The new paradigm shift in the auto industry
Tesla is not a typical automaker. In most ways it closely resembles a Silicon Valley technology start-up. Traditional Auto companies, “the metal benders,” are adept at making complex reliable products at massive scale, but the software experience in those products is still not as sophisticated as we experience every day with our mobile devices, gaming consoles, smart wearables etc.
Very soon, we may see well known Auto brands – the likes of VW, Toyota, FCA, GM -- join the list of Silicon Valley technology companies.
Why can’t auto companies focus on building good cars and let their tech partners/suppliers build the software for the cars?
The reason for this paradigm shift in the auto industry is the competition from clean sheet companies who are changing the rules of the game - Tesla, Lucid, Revian. They have embraced technology at their core. This has completely changed the relative importance of software vis-à-vis hardware in a vehicle. The customer and market acceptance of this new future paradigm is also reflected in the valuations of companies like Tesla (see figure below).
Traditional cars start getting degraded from the day they are driven out of the showroom -- it is a downhill road. Companies like Tesla are improving the performance of their cars over time by intelligently using the data collected through frequent over the air updates (OTA). One recent example is Tesla increasing the performance of its Autopilot system significantly over a period of 18 months (see figure below). The Autopilot performance almost doubled in the period of 18 months, whereas the performance of active safety features remained almost the same.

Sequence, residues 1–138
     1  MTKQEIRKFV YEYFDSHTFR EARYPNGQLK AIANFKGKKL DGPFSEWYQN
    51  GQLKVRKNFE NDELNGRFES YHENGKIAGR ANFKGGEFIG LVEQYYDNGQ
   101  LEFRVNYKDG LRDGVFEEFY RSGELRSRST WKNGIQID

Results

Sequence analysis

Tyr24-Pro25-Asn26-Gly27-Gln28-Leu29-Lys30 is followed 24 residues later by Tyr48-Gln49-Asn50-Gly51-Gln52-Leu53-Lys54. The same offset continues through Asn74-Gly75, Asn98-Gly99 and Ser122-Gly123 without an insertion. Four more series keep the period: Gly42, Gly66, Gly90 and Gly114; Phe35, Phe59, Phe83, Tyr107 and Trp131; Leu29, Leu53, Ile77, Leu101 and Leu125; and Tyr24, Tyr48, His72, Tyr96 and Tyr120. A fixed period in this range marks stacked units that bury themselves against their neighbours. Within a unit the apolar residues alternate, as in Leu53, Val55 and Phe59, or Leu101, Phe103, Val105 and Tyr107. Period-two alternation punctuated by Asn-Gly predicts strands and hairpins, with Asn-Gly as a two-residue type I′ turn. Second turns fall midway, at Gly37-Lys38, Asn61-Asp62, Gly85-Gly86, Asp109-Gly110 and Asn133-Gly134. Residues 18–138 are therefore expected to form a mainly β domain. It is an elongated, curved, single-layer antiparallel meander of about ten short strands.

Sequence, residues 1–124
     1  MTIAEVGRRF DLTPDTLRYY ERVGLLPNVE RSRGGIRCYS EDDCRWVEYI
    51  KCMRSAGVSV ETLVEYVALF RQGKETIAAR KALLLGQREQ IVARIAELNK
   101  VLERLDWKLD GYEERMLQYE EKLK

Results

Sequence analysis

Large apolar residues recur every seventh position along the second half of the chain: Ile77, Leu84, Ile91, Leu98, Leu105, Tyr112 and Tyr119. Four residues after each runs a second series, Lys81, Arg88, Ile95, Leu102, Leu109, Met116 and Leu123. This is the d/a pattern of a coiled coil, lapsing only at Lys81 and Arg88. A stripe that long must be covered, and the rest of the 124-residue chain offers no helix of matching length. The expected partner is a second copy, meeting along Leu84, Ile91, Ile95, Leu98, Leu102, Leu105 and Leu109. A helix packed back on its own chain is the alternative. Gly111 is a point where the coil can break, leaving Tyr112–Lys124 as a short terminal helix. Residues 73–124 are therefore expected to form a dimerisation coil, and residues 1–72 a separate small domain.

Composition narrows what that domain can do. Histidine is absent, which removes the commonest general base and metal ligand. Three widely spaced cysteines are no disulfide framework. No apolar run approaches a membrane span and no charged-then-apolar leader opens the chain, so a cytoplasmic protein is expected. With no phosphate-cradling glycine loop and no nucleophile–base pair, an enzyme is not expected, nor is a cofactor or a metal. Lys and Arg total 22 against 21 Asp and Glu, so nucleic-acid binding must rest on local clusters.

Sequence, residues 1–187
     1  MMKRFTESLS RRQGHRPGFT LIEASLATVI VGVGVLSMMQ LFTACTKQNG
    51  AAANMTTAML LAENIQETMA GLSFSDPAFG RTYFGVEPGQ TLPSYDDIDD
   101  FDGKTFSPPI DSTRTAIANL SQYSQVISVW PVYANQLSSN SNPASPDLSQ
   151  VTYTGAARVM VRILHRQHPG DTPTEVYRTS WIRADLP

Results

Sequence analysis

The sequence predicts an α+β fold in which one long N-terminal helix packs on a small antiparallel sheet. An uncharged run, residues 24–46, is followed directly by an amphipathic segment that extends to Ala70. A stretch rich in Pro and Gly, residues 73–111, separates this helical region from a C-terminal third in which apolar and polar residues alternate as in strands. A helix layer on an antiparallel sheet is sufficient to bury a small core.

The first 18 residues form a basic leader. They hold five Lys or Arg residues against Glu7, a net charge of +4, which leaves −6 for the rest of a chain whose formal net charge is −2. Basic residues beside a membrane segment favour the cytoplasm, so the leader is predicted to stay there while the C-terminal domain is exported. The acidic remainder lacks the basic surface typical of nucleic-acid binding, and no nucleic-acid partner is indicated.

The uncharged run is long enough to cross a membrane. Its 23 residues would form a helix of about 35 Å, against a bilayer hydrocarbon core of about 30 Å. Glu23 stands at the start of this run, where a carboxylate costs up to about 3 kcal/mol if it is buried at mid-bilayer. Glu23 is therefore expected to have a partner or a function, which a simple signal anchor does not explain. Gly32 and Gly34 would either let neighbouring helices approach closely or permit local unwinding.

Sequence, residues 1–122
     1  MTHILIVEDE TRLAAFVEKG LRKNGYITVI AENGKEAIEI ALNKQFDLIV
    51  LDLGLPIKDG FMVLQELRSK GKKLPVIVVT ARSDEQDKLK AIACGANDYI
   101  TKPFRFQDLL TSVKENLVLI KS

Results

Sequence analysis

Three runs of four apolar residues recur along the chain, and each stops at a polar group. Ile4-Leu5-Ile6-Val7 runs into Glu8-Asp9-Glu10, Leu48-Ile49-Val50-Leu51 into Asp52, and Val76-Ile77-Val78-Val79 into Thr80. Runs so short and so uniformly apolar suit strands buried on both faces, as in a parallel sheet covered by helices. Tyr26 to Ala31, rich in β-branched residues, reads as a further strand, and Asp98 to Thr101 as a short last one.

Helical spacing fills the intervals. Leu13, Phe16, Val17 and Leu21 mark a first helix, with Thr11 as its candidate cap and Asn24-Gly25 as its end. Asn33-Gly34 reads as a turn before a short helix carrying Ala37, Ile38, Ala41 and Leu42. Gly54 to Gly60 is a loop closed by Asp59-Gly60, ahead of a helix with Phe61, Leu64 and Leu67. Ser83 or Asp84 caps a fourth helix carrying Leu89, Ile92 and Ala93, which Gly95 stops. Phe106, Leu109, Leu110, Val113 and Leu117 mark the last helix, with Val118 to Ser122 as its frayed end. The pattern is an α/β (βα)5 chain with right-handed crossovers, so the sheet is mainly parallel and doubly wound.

This is their true edge; the software core turns every Tesla car into a learning machine. Tesla’s global fleet of cars have collected data of 3bn miles, have identified multiple edge scenarios and done over 120 OTA updates since 2017 -- that’s an average of one update every 16 days. These updates have added new features like Smart Summon (valet service), added performance like additional 40 BHP to Model-S, added support for new content like Netflix, and fixes and updates to systems like BMS, braking, Autopilot, etc. This is a major competitive advantage. For other car companies, these would have meant expensive and messy recalls and updates, or may not even be possible in the existing vehicle platforms.
This concept of products getting better over time is not at all new – we are used to it in our smart phones, smart TVs, tablets, PCs. They add functionalities, content, bug fixes, etc., through updates. However, this concept was alien to the Automotive industry until recently; almost all car models deteriorate from the time they roll out of the show room. Also, these products are disconnected from our digital life, unlike our other smart devices.
The ship is turning
The ICE industry has grown by outsourcing subsystems, including software and the processing compute hardware. Some of the major OEMs have outsourced nearly 90% of the software which goes into their cars. To make software and data analytics the core of the industry, there are calls for a significant change in the way the OEMs function.